After the success of the Bee Says, the Farmer Says, and the Zoo Keeper says See 'N Says, Mattel introduced several other toys in the line. The Mister Sound Says made city sounds, the Mister Music Says reproduced sounds of musical instruments, and the Clock Says gave the time indicated by the position of the pointer on its face. A Doctor Dolittle Says edition was released after the 1967 film Doctor Dolittle, and See 'N Says featuring Disney characters were introduced in 1968. In 1968 Mattel created a Winnie the Pooh See 'N Say exclusively for Sears and Roebuck department stores. Also introduced in 1968 were See 'N Say Talking Storybooks. Children would open the book to a page, aim the pointer at the arrow printed on the page, and pull the chatty ring.[citation needed] A pull-lever version of See 'N Say Talking Storybooks was released in the 1990s with different titles.[citation needed]

A Mother Goose and a "Snoopy Says" See 'N Say were unveiled in 1969. One recited nursery rhymes the other featured Peanuts comic strip characters.[citation needed] Also that year, Mattel introduced Mister Circus Says and Sing-A-Song, both part of its Super See 'N Say line.[citation needed] These two, which were battery-operated, worked slightly differently from earlier See 'N Says. Instead of pulling a string, the pointer was pushed and released to make the toy talk. The battery-operated toys were able to recite longer phrases than earlier pull-string versions. The remaining titles for the Super See 'N Say line were, "I Wish I Were" and the "Dr. Seuss Zoo", both released in 1970.[citation needed]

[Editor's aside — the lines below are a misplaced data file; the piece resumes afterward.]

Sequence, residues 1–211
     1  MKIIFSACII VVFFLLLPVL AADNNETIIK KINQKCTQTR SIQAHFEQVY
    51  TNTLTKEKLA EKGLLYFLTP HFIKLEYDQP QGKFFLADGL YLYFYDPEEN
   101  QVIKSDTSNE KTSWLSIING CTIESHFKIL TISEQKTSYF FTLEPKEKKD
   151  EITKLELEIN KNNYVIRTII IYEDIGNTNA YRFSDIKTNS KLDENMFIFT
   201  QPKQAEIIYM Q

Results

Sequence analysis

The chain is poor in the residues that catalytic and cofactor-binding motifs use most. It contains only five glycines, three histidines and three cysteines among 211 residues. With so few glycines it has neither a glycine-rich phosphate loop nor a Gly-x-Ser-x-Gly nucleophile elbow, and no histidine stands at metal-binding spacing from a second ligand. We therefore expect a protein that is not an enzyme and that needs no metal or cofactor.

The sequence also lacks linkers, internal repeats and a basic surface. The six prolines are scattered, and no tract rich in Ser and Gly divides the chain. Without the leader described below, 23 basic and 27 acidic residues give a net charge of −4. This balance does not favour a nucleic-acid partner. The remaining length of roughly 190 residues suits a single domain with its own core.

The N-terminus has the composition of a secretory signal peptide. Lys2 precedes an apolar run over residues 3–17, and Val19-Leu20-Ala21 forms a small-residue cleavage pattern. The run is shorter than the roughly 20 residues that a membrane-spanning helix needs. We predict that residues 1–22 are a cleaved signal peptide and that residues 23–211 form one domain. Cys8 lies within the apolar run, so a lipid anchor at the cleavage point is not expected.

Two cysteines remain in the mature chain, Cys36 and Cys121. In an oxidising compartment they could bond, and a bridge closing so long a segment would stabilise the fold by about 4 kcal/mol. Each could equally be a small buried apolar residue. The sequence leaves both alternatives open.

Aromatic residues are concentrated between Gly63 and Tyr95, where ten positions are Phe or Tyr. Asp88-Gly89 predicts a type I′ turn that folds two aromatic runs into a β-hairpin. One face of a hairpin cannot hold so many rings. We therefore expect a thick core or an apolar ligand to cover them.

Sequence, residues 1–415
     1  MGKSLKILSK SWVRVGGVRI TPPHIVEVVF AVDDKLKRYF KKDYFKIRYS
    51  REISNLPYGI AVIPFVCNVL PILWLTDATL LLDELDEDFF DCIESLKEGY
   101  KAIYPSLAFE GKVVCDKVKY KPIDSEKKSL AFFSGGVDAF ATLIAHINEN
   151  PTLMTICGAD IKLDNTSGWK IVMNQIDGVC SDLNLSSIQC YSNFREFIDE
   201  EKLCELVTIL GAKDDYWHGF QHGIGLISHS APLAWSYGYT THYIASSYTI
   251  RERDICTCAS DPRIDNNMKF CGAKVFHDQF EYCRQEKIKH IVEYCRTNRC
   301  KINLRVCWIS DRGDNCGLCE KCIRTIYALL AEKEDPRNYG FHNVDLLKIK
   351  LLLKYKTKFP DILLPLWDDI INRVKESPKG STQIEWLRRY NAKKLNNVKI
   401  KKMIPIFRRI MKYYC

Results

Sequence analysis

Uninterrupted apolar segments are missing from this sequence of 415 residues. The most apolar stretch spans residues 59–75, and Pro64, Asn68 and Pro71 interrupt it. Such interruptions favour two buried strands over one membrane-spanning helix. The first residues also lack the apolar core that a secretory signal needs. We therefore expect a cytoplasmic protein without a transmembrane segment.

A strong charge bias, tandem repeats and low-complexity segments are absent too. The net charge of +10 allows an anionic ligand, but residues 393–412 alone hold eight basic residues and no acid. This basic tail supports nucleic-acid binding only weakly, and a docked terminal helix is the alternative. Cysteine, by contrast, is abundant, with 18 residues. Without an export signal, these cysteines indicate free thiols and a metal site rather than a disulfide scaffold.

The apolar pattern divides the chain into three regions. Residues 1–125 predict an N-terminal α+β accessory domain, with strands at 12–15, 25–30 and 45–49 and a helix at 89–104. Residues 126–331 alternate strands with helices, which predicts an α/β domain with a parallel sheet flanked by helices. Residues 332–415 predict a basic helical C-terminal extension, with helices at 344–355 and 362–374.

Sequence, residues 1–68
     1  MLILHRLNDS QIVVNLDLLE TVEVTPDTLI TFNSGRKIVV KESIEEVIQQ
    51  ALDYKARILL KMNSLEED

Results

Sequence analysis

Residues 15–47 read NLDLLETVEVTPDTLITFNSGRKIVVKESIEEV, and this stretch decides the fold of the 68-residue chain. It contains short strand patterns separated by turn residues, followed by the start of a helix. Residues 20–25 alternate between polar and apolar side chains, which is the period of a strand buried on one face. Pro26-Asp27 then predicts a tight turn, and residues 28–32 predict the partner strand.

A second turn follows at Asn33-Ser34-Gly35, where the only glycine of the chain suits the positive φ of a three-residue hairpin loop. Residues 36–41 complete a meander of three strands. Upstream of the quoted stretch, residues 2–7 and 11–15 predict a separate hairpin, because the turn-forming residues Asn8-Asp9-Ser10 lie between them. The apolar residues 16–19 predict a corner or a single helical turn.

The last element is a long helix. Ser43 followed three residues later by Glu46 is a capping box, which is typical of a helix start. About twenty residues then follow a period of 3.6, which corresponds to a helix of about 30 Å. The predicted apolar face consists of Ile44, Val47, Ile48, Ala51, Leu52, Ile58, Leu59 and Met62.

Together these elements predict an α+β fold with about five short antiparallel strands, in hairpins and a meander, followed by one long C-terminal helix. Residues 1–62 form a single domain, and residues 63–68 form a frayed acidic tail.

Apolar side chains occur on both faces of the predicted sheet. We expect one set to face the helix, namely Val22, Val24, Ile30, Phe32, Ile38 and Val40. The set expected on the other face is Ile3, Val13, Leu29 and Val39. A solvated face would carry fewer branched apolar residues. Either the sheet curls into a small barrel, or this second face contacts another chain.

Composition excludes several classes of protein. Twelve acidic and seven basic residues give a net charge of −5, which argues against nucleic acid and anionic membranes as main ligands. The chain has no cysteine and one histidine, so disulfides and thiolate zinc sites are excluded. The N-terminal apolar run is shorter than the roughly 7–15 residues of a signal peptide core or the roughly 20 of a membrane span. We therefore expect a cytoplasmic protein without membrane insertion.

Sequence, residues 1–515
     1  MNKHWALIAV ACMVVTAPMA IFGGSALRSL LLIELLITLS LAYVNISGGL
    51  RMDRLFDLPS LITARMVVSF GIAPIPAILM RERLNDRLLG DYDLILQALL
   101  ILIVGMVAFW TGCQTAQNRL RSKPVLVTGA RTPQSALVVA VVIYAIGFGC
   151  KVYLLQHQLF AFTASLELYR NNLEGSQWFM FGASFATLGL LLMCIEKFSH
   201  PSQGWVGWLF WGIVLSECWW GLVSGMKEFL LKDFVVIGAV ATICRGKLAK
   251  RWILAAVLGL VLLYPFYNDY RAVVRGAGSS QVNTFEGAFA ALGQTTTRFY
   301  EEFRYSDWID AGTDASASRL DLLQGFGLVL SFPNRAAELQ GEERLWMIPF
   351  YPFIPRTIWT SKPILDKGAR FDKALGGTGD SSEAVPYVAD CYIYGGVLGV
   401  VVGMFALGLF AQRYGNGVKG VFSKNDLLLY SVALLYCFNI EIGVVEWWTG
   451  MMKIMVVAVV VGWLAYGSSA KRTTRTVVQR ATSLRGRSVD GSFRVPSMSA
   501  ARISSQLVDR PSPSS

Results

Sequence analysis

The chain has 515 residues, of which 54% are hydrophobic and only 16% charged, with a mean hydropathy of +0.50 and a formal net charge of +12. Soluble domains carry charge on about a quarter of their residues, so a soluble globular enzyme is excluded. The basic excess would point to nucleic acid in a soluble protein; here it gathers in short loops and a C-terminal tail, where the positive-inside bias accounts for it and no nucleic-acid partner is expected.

In the 1970s, See 'N Say pointers were streamlined into a uniform design, a large arrow with a sticker affixed to it depicting a bee, farmer, zoo keeper, and so forth. By 1989, the chatty ring was replaced by a lever that could be pulled to make the toy talk, after a Rhode Island girl became blind when the string snapped off and hit her in the eye.[citation needed]

Playskool, a division of Hasbro manufactured the "Sounds Around" rival toy.[citation needed]